Proposed reforms to sexual offence prosecutions: too black and white?
By Sandra Paul
Detailed yet incomplete reforms to the trial of sexual offences may do more harm than good, says Sandra Paul.
“Evidence shows that the criminal justice process for rape and serious sexual offences is still flawed and more can be done to ensure sexual offences are tried justly without traumatising complainants.”
So says the Law Commission in its explanation of its proposals for the reform of sexual offence prosecutions, published on 23 May, 2023 (the culmination of a project which originated from the government’s 2021 End-to-End Rape Review).
Few would argue with the first part of the Law Commission’s statement. Complainants, defendants and prosecutors have for many years struggled with delays, overly-complex rules of evidence and procedure, and other difficulties. And the second part is certainly true, too: complainants will almost always find the criminal trial process stressful, and sometimes traumatic. But this does not tell the whole story. Any reform of the criminal justice system must also keep the rights of the defendant at the centre.
It is often easy to forget that fairness to the defendant does not need to mean unfairness to the complainant; the two are not mutually exclusive. Unfortunately, the Law Commission may have fallen victim to this fallacy. Although the rights of the defendant are acknowledged in the Law Commission’s consultation paper, they often appear as secondary concerns. Saying they are an ‘afterthought’ may be putting the position too strongly.
The Law Commission states that all of the provisional proposals it has set out have been tested against the defendant’s right to a fair trial, which it describes as “a fundamental constitutional right recognised by the common law and guaranteed by the European Convention on Human Rights”.
However, this balance has been lost in the forest of detailed proposals, discussions and comparative legal analyses found through the Law Commission’s lengthy public documents. The core paper is 730 pages long, while the summary runs to more than 50 pages.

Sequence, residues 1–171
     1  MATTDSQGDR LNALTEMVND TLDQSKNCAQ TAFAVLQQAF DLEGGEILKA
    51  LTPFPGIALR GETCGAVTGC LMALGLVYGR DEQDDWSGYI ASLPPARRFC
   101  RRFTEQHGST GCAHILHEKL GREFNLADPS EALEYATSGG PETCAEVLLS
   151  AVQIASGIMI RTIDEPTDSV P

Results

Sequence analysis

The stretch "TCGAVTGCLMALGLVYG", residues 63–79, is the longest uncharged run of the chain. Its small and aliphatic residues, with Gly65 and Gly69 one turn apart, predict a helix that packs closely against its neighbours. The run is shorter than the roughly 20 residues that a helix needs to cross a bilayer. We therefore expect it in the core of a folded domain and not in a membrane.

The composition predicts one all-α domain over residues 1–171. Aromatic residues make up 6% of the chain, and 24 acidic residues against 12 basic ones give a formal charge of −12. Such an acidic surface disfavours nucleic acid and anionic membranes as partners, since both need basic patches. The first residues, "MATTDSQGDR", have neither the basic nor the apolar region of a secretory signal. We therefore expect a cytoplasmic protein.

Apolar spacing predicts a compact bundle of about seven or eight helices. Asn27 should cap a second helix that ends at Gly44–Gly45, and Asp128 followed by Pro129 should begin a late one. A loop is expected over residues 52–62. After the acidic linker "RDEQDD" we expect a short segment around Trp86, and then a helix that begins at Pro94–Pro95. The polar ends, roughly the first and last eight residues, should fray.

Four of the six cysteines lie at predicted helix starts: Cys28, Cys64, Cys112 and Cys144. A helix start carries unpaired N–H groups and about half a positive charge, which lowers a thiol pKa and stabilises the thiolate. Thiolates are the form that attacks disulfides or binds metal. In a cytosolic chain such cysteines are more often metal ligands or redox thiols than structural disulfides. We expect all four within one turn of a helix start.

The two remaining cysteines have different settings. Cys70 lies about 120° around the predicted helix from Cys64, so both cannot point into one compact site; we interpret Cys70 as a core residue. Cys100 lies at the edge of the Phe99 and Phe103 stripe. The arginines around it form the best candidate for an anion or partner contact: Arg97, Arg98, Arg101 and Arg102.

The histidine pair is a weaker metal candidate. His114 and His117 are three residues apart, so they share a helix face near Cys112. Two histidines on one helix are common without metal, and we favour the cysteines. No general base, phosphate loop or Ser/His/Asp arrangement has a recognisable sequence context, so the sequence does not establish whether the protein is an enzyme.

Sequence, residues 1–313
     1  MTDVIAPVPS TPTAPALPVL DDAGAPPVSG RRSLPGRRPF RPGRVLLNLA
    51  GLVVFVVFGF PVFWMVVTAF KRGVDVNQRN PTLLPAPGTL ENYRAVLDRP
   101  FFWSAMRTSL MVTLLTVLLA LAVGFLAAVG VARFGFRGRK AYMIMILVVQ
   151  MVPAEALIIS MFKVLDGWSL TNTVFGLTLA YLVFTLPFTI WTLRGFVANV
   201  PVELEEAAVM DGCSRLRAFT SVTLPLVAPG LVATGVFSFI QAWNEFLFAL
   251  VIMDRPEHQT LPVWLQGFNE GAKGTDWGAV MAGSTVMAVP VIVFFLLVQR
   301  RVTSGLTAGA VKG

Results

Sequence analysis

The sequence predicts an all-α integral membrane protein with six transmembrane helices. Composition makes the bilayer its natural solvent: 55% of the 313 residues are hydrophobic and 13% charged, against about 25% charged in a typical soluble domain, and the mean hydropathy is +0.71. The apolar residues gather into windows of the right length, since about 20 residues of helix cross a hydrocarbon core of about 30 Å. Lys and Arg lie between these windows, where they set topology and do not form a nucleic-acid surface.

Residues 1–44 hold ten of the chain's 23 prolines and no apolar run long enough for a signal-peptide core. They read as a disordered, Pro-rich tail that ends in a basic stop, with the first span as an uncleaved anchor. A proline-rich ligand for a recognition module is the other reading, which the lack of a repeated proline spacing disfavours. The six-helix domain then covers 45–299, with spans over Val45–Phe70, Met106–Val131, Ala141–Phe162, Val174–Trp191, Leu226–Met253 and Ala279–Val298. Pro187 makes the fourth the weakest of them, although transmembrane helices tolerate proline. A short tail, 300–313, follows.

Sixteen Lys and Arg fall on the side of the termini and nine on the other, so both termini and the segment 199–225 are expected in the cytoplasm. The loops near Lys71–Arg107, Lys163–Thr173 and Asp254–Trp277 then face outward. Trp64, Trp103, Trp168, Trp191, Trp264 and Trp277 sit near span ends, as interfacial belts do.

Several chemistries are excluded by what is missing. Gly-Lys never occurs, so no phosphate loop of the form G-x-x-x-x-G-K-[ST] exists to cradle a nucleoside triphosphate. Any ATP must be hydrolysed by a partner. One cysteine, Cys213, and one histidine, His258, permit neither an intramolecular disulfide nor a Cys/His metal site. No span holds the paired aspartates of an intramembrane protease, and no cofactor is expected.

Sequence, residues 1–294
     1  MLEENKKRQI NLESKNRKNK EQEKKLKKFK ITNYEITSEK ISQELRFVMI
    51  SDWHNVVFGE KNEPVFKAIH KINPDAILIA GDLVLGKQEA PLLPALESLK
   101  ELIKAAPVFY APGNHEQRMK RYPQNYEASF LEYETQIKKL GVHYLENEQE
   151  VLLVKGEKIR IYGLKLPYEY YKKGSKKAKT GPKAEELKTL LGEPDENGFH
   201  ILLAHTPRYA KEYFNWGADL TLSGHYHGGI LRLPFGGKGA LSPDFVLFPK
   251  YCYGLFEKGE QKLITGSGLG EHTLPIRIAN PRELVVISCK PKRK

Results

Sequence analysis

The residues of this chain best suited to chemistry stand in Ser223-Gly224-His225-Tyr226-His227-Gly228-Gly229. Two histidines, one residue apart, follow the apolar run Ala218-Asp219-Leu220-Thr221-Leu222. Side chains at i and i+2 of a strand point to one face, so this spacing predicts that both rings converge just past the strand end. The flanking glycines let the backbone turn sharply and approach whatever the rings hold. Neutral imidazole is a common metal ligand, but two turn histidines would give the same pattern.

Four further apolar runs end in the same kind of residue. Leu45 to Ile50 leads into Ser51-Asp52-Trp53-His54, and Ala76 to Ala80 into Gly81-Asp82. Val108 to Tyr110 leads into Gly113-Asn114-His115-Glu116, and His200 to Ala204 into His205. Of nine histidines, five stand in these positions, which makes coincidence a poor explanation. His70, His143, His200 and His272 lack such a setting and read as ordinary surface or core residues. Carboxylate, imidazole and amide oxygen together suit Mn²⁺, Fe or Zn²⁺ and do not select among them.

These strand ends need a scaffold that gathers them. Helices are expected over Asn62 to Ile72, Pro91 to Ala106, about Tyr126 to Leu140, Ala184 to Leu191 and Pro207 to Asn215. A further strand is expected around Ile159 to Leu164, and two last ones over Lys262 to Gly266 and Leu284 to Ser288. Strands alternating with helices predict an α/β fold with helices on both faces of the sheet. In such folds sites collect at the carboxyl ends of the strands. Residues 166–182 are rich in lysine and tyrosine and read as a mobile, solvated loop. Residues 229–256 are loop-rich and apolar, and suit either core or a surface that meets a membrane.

It’s impossible to do justice to a paper of this size in one short article, but there are two very important points worth noting.
The first is that the Law Commission often veers towards a black and white approach, forgetting the all-important shades of grey. At times it reads like a populist manifesto rather than an independent dispassionate review. A criminal rape trial has a zero-sum outcome for a defendant; a loss means being branded a rapist for life and at least four years imprisonment. What the paper could but does not do, is consider ways of allowing more specific identification of what exactly an individual has done wrong, eg differentiating categories of rape and sexual assault as we do with unlawful killing. Instead, it presents a set of options which would create a straitjacket for any defendant.
Secondly, the Law Commission’s paper includes a number of what are described as ‘more radical proposals’. The Law Commission explains that it felt duty-bound to include these in the paper; inevitably, it is these which have received the most media attention. Perhaps irresponsible to include them?
These proposals include the idea of introducing specialist examiners to take evidence from complainants, allowing them to avoid the attentions of a defence advocate. But (unless the most extreme option of employing ‘communications experts’ rather than lawyers was chosen) these advocates would ultimately be drawn from the same overall pool of skilled criminal barristers as those acting for the prosecution. This proposal could imply that a barrister instructed by a defendant would treat a complainant more poorly than one working in this special role, which is to cast aspersions on the professionalism of the criminal bar.
This proposal, along with some others in the paper, such as introducing vetting of juries or even removing juries from certain trials altogether, would if taken up represent a lurch to a more managed, investigative process.
This is where the paradox lies, which ultimately undermines this vast set of proposals. Despite the inclusion of ‘radical’ proposals, the Law Commission does not consider the option of a much broader reform of the system as a whole. Instead, there are attempts to overlay aspects of a European-style inquisitorial system onto an adversarial system. This could only result in increased confusion, further miscarriages of justice and would do much more harm than good.
Sandra Paul is a partner at Kingsley Napley LLP.